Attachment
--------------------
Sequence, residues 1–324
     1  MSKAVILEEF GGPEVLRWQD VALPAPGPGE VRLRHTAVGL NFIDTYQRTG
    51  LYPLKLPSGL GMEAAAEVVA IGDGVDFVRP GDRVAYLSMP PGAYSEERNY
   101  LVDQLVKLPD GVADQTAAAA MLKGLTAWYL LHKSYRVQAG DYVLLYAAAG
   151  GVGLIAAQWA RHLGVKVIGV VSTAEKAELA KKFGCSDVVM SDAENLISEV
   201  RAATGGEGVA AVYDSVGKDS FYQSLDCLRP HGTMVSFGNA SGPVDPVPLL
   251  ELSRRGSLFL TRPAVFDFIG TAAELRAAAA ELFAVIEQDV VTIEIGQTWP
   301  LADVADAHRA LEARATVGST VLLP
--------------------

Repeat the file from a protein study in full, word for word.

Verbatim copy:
Sequence, residues 1–324
     1  MSKAVILEEF GGPEVLRWQD VALPAPGPGE VRLRHTAVGL NFIDTYQRTG
    51  LYPLKLPSGL GMEAAAEVVA IGDGVDFVRP GDRVAYLSMP PGAYSEERNY
   101  LVDQLVKLPD GVADQTAAAA MLKGLTAWYL LHKSYRVQAG DYVLLYAAAG
   151  GVGLIAAQWA RHLGVKVIGV VSTAEKAELA KKFGCSDVVM SDAENLISEV
   201  RAATGGEGVA AVYDSVGKDS FYQSLDCLRP HGTMVSFGNA SGPVDPVPLL
   251  ELSRRGSLFL TRPAVFDFIG TAAELRAAAA ELFAVIEQDV VTIEIGQTWP
   301  LADVADAHRA LEARATVGST VLLP